HSU Women’s Rugby trains for a new division placement and tougher opponents
An evening of practice with the Humboldt State Women’s Rugby team consisted of preparation for their first home game of the season on November 23 against Sacramento State. The team has recently moved to Division II which means this season they will be competing against 10 schools as opposed to five.
HSU athletics is no stranger when it comes to long distances of travel. Rugby athlete Libby True spoke on the recent division transition.
“I began playing during my freshman year,” True said. “We started off playing against 10 games then to six games and now back to 10.”
Having additional opponents gives the team an opportunity to capitalize on more wins and get an early lead in their division. They are making modifications to their practice routines to prepare for the extensive weeks of play against opponents they have never faced.
“We’ve never played against them, so we aren’t sure what we’re up against,” player Hanna Hartman said. “But with the way we’ve been practicing it shouldn’t be a problem.”
Despite the unknown challenge that awaits, there is no denying that the team will utilize techniques that keep their players operational. Whether it’s taking hits or falling, Hannah explained that playing efficiently is key to avoiding unwanted injuries.
“We learned how to hit and fall properly,” Hartman said. “There’s a right way to do it safely.”
Rugby is physically demanding with frequent body collision and the occasional injuries, therefore players are encouraged to work on their endurance to take hits routinely.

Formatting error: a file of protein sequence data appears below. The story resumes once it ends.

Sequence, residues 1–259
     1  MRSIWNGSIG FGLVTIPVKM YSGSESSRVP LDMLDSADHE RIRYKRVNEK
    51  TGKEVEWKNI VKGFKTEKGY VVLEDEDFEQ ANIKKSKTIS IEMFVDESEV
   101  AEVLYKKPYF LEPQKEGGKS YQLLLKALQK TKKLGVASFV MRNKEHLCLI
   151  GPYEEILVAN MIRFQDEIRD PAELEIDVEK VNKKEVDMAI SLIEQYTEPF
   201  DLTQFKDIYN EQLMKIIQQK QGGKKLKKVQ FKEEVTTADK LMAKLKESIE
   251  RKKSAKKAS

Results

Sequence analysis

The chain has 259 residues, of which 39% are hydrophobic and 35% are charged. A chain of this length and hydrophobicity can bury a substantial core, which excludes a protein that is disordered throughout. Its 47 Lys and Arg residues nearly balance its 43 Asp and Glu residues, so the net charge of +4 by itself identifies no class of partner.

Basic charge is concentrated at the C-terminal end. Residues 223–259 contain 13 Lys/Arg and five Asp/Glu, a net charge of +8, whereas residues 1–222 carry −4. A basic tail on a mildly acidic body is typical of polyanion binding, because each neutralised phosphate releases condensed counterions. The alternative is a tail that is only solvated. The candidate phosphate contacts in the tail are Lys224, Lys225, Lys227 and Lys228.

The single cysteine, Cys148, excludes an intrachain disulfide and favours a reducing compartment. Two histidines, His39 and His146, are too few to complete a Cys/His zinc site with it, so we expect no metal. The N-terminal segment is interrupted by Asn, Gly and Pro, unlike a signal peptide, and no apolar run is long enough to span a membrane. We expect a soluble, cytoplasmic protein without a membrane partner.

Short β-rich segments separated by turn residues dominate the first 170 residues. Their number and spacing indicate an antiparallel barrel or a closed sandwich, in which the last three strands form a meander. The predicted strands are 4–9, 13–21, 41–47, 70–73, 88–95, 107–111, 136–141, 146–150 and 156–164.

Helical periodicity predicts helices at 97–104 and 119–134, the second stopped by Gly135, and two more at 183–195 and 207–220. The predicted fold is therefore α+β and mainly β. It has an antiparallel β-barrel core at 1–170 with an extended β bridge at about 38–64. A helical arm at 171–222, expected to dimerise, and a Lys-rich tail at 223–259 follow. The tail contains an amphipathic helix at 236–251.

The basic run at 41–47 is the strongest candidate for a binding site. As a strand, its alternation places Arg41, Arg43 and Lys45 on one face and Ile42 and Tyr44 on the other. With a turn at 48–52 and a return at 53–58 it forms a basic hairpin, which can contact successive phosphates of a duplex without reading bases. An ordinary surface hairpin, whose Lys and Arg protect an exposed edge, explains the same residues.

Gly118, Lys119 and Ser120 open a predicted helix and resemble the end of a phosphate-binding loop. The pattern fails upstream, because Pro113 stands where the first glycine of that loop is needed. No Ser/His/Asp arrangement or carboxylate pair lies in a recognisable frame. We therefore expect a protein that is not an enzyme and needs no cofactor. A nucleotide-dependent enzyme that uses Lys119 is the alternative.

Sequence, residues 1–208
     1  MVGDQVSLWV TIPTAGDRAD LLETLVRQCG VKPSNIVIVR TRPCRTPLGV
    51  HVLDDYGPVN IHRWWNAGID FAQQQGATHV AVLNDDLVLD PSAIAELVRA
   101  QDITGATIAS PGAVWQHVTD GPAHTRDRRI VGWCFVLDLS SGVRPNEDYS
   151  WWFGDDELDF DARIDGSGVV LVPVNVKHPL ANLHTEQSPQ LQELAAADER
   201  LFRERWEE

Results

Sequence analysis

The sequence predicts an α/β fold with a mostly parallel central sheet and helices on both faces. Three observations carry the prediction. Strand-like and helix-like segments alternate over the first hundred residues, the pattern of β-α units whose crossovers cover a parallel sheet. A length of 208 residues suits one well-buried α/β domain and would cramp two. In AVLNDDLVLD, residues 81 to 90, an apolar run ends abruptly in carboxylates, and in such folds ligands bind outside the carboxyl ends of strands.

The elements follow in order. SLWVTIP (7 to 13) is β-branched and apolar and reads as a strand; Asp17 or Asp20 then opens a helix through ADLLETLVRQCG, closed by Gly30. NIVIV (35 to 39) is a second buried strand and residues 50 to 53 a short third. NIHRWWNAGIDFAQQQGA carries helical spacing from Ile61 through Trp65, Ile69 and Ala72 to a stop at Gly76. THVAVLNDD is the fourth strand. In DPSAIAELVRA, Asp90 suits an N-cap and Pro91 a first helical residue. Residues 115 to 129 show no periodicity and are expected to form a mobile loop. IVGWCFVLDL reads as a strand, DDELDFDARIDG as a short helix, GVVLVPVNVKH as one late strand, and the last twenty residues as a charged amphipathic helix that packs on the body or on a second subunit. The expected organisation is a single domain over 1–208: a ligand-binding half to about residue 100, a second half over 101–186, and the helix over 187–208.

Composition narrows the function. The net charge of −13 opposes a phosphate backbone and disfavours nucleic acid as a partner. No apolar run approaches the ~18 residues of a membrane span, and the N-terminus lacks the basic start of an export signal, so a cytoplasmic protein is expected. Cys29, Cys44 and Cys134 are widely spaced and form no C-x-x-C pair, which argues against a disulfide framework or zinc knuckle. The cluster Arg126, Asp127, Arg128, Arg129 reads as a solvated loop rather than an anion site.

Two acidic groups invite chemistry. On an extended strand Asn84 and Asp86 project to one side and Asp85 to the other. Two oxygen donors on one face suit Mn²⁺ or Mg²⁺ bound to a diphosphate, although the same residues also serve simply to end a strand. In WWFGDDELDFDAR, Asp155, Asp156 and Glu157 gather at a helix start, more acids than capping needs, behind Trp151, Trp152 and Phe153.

Claire Branson has played rugby for three years at HSU and provided her input on avoiding injuries.
“Keep your core muscles strong, when you get tackled it’s a lot of core strength,” Branson said. “Make sure it’s tight, so you’re not pulling muscles.”
During practice, players utilize precautions to ensure safety. When playing an impact sport like rugby, building endurance is essential.
Safety Officer and player Janay Aoga has high expectations with endurance training, since it lands on days that players invest their time working out.
“On our conditioning days we focus on staying strong and fast because fit rugby is fun rugby,” Aoga said.
A sport can’t be fun if there’s no one around to play, but it’s a different tone when it comes to the HSU women’s rugby team. Their love for the sport shines through their resilience and determination.